Filter & Blending Modes Tips
So far, the main blending mode we've been using is the stuff in the category that starts with overlay soft, light hardline. What's unique about those that I really like is that 50% gray goes away and a lot of filters that you apply the one called High Pass. The majority of what you get is 50% gray. Also, whenever you apply the in boss filter, which we use near the beginning of the day, the majority of your image will be 50% gray. So it really aligns with those when I made those Grady INTs liquid for the drill hole. Well, when you're going from black to white, what's halfway in between 50% gray, it will make part of it disappear. But there are others, and I just want to give you a general idea of some of them in case they help you when you're working with filters. So in this case, let's apply a filter, and this time I'll do it like, ah, lot of people want to, which is smart filters. It seems like the trend these days is nondestructive imaging, and I'm all for it. But what I'm not for is...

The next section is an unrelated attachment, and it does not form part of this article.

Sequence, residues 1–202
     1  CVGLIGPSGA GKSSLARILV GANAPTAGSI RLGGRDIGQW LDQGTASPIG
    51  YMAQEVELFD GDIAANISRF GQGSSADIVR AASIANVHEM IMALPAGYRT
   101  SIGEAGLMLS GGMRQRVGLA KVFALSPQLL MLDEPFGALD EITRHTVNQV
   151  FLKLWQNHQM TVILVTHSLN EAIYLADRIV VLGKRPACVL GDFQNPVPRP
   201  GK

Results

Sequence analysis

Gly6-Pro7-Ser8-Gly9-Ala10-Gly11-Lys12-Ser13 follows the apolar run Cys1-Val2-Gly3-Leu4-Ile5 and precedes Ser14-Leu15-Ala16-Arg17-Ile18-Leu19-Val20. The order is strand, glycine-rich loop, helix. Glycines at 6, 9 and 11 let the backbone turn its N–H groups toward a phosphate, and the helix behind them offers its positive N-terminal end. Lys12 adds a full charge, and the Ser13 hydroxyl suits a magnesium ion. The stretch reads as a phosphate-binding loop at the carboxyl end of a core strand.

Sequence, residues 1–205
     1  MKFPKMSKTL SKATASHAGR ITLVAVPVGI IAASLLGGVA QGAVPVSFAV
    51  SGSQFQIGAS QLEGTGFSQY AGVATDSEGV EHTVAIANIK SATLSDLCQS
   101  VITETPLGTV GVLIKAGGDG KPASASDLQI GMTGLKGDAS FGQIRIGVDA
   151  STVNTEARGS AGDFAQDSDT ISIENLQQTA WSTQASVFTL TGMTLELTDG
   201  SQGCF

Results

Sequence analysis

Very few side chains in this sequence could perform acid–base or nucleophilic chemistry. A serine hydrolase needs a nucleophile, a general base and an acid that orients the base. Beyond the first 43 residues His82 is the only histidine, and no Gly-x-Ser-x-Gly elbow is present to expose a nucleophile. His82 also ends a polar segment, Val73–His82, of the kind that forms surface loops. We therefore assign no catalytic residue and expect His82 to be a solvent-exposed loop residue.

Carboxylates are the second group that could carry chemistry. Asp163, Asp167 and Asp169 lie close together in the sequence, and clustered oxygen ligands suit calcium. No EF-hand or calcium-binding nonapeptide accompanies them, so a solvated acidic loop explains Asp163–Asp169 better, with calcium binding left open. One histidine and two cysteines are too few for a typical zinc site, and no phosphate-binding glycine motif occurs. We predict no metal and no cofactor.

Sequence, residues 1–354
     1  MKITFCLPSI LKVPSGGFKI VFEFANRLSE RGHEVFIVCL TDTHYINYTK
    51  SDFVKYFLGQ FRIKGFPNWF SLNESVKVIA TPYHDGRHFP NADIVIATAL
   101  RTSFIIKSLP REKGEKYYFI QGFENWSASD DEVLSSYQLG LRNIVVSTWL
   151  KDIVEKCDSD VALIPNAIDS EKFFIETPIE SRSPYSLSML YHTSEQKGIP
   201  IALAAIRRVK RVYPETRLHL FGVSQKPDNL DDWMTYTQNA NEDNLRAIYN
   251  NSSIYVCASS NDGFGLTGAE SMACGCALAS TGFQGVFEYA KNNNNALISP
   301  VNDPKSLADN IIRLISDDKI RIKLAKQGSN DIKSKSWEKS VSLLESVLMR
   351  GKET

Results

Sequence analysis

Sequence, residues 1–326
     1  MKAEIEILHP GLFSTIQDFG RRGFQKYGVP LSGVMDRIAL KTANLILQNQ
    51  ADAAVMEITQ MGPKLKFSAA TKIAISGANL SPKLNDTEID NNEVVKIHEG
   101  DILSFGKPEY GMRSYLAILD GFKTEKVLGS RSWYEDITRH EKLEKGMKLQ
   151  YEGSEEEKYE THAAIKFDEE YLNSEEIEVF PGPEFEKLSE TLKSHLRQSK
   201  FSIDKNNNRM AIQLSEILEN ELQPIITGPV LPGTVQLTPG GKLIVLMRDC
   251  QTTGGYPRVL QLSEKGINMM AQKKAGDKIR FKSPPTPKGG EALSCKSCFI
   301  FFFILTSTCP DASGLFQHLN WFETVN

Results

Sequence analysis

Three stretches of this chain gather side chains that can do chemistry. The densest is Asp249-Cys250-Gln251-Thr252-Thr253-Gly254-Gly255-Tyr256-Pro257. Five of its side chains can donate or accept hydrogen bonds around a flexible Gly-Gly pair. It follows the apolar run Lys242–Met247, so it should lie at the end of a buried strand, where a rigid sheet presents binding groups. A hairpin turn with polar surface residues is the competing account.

making it get in the way of teaching. You know, if you if you're trying to get fancy and make it nondestructive, that's great. But sometimes it's like a little less understandable. That's why I haven't been doing it every single time in this case. I'll do that as a smart filter. And this time I'm gonna run a filter that is called if I could find it. Style eyes find edges with find edges. You might notice that a lot of my end result is white. Just a large area of white in there isn't her. And then it found the edges of objects and it put black lines around them. Well, I'm gonna go now to my layers panel in just to the right of where it says find edges. I see this, like on right here in all that icon does is it will act as if I was working on a duplicate layer when I applied the filter. And if I was working on a duplicate layer sitting above the original, wouldn't I have right up here the blending mode in the opacity? Well, I didn't work on a duplicate. Instead, I turned this into a smart object. I applied that filter called find edges. And now, to get those same two choices for this, I double click right there. So so far, we've mainly used blending modes there in this category where 50% gray goes away. Now, let me show you what's special about some of the other categories that are in here. Do you notice up here that these blending modes of group together where there is a horizontal line just above them and there's a horizontal line just below that grouping? The reason why all of these air group together is the only thing they're capable of doing is darkening your picture. And one unique quality of all of those is with all of them, white disappears. So if you ever apply a filter and you notice that a large portion of your end result contains white, then this might be the go to section to go to so I can come in here and try darken in here, multiply mode, acts like ink. Imagine you're going to print the end result, which looked like this, remember? And you were gonna print it on top of the original picture as if you have the original picture. You printed it on an inkjet printer. It came out and you're gonna put that sheet of paper back through the inkjet printer for a second pass. And on the second pass, you're gonna print that. That's what multiply mode does, and so it's gonna look very similar. But it could be nice if you use if you have a very graphic looking images that has very defined areas between one color or area and the next is you can use, find edges and then using multiply mode makes all of those white areas disappear. The opposite of this would be a section of blending modes where, instead of only being able to darken, they'd only be able to brighten things in those air found just below it. The reason all these group together is the only thing they're capable of doing is brightening your picture, and with those solid black would disappear. So if you ever get a filter that delivers an awful lot of solid black and it's just way too much, these might be the go to blending modes to get them to blend them with the original picture. And so that gives you kind of three different sections in here. If the blending modes can give you an idea of when you might decide, Teoh head towards them. If you want to know more about blending modes, I've done entire classes on just those kind of subjects. So look at the back catalogue. I probably have how many classes. So I have, like, 30 40. I don't know eso there's anything you want to learn about. Just look at some of those. So if you want to get an idea of when you might want to try some of those other blending Moz, let's look at using some of the things we've already done and combining them with one of those blending modes so you can see how something simple can turn into something better by just knowing a little bit more about photo shop in different areas. So here gives. Here's why. Karen, going into a happy uh in this is ah, crepe place. I think in Portland I'm gonna create a brand new empty layer above that, and I'm going to try to apply some noise. But remember what happens when I try noise on an empty layer, then work well in this image, what I want to do is I want to add what looks like some snow. So I'm gonna come in here snow or rain. I'm going to fill this layer because we need to have something in their 50%. Gray would be fine, and then we're going to apply noise, a lot of noise. Then I'm going to distort this noise, just like we before. You remember how he did motion Blur. But we're just going to do it at an angle. We might want it to be snowing, and we're gonna do it a lot less than before. So it looks a little bit more random, little less polished like that. And then if we have a blending mode that makes black disappear If Black disappeared, what would we have left the light stuff One way. So the blending mode that makes black disappear would be all the ones that are in here. The things that can only Brighton. I'll use the one called screen mode. Well, that looks like a pretty big rainstorm. So let's see if we can get rid of some of what's there. I'm going to simply adjust what we have to make Mawr areas black. Here I'm using levels. This slaughter forces areas to black, and if they get more and more areas toe, look black. We get less and less areas showing up, but it's too consistent. I wanted to be less consistent. Well, how can we make something a little less consistent? Let's add a layer mask in a layer mask. I don't feel like painting to make this less consistent. So why don't we use one of the other filters that we had tried before? Didn't we have something called clouds that looked nothing like clouds? It was just random brightened dark stuff. Well, if you put that in a mask, dark things make things disappear. Light things make them show up. So if I do clouds in the mask, I'll show you what's in the masked by option clicking on it. That's what's in my mask. Wherever you see black, it will prevent this stuff from showing up. Wherever you see white, it will show up, so now it looks a little bit more randomized. If I turn off this mask, which you can do so by holding shift in clicking, you can see before I had the mask and after. It's not that I wanted to show you how to make this exact effect. It's that I wanted to just get you more comfortable with the basic ideas of filters that can create something out of nothing in that they don't have to be used just for putting a texture on top of your image. It could be that we did that soft look on an image or the look where it gave it an antique color, and you don't want to apply everywhere you want it to be kind of a modeled look. We'll add a mask and use one of the filters that create something out of nothing, and suddenly you can have something like that.